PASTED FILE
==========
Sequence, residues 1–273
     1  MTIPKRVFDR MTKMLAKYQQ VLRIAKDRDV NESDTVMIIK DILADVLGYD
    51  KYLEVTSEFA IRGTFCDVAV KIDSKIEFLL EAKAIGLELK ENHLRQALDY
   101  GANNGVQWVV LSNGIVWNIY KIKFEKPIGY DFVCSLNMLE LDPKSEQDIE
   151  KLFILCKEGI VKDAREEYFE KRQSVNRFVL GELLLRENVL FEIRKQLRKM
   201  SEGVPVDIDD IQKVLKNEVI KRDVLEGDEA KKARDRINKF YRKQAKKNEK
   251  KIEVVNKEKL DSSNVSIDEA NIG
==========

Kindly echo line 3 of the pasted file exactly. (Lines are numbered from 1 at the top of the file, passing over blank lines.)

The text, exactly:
    51  KYLEVTSEFA IRGTFCDVAV KIDSKIEFLL EAKAIGLELK ENHLRQALDY